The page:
Agreed. What I wonder is whether machinations will start, after Rio, to have a fairly nasty clean-up of top IOC management.

 

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3 hours ago, StefanMUC said:

Robert Harting, discus gold medalist, isn't sitting on the fence. He said today: "For me, Thomas Bach is part of the doping system, not of the anti-doping system. I'm ashamed for him."

I guess that also sums up public opinion in Germany quite nicely.

And he's damn right about that - that said, Harting has never been one to be shy about his views!

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2 minutes ago, plusbrilliantsexploits said:

And he's damn right about that - that said, Harting has never been one to be shy about his views!

Yes, but Bach already hit back, check Spiegel Online. I guess he's already looking for ways to ban Harting too.

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1 minute ago, StefanMUC said:

Yes, but Bach already hit back, check Spiegel Online. I guess he's already looking for ways to ban Harting too.

Which will render Bach even less popular than he is - and makes him look thin-skinned. Gut so!

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3 hours ago, StefanMUC said:

Robert Harting, discus gold medalist, isn't sitting on the fence. He said today: "For me, Thomas Bach is part of the doping system, not of the anti-doping system. I'm ashamed for him."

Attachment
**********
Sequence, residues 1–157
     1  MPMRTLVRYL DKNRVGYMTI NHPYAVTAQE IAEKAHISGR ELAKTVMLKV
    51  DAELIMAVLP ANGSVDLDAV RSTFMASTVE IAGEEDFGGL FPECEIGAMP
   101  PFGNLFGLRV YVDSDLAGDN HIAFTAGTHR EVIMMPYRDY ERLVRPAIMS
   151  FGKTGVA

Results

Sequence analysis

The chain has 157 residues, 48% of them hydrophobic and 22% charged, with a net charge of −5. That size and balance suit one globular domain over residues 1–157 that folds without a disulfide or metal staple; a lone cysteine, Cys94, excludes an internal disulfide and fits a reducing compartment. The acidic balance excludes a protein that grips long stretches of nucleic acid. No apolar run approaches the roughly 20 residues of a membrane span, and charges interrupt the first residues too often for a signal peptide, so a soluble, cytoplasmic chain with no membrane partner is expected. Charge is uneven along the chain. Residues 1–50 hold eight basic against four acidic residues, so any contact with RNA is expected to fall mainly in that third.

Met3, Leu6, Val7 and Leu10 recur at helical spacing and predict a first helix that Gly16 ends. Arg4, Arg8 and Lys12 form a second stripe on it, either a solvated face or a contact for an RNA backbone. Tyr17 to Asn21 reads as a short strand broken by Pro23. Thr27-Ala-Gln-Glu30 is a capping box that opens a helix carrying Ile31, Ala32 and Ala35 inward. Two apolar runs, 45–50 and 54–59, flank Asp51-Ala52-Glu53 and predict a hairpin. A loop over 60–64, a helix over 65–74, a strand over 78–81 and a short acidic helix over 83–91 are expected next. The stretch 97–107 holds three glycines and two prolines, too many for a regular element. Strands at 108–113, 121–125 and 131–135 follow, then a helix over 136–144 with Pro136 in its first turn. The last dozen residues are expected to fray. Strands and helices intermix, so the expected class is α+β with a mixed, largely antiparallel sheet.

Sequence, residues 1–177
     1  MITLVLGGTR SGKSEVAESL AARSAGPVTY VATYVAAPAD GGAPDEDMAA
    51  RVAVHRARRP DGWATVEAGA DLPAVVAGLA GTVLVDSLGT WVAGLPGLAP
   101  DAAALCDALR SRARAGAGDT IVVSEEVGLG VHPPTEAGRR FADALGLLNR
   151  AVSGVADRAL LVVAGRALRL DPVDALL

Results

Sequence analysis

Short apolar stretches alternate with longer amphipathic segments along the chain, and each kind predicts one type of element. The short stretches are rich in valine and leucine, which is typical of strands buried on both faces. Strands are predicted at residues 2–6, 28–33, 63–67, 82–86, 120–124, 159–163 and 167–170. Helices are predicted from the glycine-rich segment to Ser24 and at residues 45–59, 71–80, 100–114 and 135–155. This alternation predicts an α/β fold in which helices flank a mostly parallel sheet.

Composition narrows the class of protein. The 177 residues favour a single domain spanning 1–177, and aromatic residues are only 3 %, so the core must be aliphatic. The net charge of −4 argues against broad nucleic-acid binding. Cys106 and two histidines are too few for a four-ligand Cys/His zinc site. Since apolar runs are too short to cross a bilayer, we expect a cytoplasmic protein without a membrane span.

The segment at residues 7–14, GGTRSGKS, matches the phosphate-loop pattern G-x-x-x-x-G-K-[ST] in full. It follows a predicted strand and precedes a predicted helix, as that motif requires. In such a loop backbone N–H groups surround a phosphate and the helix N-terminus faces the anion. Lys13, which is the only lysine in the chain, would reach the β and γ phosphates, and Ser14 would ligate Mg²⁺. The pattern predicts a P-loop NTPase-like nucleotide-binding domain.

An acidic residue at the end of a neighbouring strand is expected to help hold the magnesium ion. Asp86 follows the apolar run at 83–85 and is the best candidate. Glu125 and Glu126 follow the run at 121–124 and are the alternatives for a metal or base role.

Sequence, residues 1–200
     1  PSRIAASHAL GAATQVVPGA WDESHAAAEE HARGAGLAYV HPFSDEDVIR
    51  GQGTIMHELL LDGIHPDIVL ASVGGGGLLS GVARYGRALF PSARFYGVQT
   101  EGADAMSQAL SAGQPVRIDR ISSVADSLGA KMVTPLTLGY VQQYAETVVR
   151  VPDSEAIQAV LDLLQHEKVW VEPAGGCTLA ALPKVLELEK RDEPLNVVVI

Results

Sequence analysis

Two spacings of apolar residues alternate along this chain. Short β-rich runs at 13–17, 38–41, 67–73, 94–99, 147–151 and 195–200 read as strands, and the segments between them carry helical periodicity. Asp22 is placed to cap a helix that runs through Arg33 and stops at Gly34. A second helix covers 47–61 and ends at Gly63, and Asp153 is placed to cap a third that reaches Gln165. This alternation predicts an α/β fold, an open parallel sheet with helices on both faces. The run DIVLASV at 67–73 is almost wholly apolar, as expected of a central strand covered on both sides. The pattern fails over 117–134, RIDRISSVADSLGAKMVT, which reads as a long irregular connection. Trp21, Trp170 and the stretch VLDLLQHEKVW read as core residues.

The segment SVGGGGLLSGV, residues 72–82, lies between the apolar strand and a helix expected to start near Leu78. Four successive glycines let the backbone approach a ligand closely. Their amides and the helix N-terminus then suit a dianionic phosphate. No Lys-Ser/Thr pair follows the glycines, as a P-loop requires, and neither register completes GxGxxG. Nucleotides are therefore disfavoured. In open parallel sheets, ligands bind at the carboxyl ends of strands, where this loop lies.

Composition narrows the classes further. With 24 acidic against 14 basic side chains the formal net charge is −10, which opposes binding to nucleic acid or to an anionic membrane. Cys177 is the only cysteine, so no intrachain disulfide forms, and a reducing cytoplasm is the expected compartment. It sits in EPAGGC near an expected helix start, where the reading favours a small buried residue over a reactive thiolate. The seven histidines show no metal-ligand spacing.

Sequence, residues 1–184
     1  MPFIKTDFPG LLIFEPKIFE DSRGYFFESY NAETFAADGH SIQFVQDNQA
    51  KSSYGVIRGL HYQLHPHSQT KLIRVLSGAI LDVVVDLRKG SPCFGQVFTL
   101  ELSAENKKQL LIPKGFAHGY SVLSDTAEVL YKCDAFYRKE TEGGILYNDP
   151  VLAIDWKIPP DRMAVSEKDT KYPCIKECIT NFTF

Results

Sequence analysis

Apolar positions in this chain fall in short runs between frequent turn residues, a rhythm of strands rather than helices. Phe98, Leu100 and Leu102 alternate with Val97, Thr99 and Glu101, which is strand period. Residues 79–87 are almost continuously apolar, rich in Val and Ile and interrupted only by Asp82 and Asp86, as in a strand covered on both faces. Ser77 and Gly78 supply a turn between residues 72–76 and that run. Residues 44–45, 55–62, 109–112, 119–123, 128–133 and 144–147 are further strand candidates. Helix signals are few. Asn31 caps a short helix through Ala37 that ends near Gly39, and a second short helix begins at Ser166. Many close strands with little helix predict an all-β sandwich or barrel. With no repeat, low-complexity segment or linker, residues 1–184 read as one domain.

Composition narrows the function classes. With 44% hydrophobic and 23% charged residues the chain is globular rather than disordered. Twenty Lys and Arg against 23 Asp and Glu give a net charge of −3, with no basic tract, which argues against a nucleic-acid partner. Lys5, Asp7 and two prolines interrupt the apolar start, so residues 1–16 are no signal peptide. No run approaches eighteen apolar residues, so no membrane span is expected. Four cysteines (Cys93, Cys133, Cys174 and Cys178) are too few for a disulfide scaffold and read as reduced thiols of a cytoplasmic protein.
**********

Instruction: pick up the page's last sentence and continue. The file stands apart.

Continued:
I guess that also sums up public opinion in Germany quite nicely.

I wish there were more willing to speak so openly. This also from two years ago:
http://www.wsj.com/articles/harting-withdraws-from-athlete-of-the-year-list-1412625704

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... interestingly Back tries to defend the decision of sunday when he replied to the blame of Harting - if he were really sure about the decision he wouldn't have felt the need to defend it...

He is feeling that the IOC has lost all its credibility in concern of sport

Edited by Citius Altius Fortius

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For one, a blanket ban on Russian athletes would likely have been derailed by numerous legal hurdles. The Court of Arbitration for Sport, among others, would likely overturn a universal ban that included athletes who haven't been implicated in doping.